Study: No difference in effectiveness of stents used in patients with heart disease
May 16, 2018
By Mike Richman
VA Research Communications
A new study finds that two kinds of stents often used in patients who have heart bypass surgery are equally effective in preventing heart attacks, cardiac death, and repeat procedures to the arteries of the heart.
Researchers compared bare metal stents (BMSs) with drug-eluting stents (DESs). Both are mesh tubes of thin wire, the difference being that DESs are coated with a drug. They are commonly used to open blocked blood vessels that can develop after a patient undergoes heart bypass surgery.
"Using mainly second-generation drug-eluting stents in DIVA makes it the most relevant study for contemporary medical practice."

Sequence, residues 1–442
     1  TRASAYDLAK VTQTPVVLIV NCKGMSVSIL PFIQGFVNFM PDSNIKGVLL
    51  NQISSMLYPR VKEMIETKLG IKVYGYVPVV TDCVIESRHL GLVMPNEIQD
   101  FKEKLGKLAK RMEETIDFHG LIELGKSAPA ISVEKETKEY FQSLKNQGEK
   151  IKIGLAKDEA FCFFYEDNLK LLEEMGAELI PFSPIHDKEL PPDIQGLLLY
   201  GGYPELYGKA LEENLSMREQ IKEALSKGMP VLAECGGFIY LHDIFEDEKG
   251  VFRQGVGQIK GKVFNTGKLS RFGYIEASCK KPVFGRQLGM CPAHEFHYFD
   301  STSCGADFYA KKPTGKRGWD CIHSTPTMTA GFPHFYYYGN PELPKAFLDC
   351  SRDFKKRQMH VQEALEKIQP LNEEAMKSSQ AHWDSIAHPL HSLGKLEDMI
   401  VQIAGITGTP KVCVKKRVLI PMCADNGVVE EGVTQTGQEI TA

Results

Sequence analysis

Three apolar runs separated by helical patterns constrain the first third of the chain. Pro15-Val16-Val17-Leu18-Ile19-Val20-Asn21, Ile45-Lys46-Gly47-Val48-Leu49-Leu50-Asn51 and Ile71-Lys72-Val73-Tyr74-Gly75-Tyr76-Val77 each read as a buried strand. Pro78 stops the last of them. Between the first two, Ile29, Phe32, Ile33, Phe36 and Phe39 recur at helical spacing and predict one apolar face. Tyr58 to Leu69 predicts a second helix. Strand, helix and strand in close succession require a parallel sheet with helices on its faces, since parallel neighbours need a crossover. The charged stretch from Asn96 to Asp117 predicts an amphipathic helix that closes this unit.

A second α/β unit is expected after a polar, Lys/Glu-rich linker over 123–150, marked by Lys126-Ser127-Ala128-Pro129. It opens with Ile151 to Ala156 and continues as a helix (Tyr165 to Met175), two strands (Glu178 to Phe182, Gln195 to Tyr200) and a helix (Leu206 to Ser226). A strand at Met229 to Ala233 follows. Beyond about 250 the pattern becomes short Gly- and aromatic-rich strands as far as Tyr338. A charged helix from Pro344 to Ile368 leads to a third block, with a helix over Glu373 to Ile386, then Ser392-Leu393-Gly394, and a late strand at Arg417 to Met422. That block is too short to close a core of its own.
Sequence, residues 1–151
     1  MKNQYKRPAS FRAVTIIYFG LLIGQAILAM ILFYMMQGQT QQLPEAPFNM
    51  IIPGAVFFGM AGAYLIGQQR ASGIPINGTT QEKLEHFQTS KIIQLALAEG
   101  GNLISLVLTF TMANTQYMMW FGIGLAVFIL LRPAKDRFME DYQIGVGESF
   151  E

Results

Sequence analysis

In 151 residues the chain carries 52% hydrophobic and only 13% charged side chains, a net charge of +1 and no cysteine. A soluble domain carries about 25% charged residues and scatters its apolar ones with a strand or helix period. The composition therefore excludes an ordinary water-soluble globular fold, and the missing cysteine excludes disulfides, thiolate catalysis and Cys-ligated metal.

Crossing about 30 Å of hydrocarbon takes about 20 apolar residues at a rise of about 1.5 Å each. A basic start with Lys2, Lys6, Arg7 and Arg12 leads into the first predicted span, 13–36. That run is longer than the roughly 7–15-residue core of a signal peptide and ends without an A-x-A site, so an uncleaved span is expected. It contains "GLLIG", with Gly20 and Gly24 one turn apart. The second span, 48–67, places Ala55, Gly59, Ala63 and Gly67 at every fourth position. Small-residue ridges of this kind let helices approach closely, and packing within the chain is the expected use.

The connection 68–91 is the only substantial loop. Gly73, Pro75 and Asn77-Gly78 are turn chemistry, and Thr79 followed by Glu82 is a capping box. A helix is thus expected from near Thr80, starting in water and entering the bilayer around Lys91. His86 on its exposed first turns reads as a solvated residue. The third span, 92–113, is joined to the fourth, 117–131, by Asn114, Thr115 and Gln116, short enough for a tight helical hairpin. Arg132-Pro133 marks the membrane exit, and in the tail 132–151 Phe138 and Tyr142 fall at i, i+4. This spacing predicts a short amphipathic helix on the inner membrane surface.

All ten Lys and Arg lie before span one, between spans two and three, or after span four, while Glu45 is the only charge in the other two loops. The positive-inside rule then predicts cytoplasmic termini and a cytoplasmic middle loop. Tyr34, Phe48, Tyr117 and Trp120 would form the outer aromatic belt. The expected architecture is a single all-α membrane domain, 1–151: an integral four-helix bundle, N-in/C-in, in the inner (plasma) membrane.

Bypass surgery is meant to treat a narrowing of the coronary arteries of the heart by restoring normal blood flow.
The main endpoint in the VA-funded study, which appeared in the journal The Lancet in May 2018, was the rate of target vessel failure 12 months after the procedure. Target vessel failure is the combination of a heart attack, the need for another surgical procedure to restore blood circulation to the heart, or cardiac death.
The nearly 600 Veterans in the study were randomly divided into the two stent groups. Neither the patients nor the investigating team knew who was in which group.
The researchers found no major differences between the patients using the two types of stents.
The 12-month rate of target vessel failure was 19 percent in the BMS group and 17 percent in the DES group. The rate of target vessel failure for the full length of time the patients were followed, which averaged nearly three years, was 34 percent in the BMS group and 37 percent in the DES group.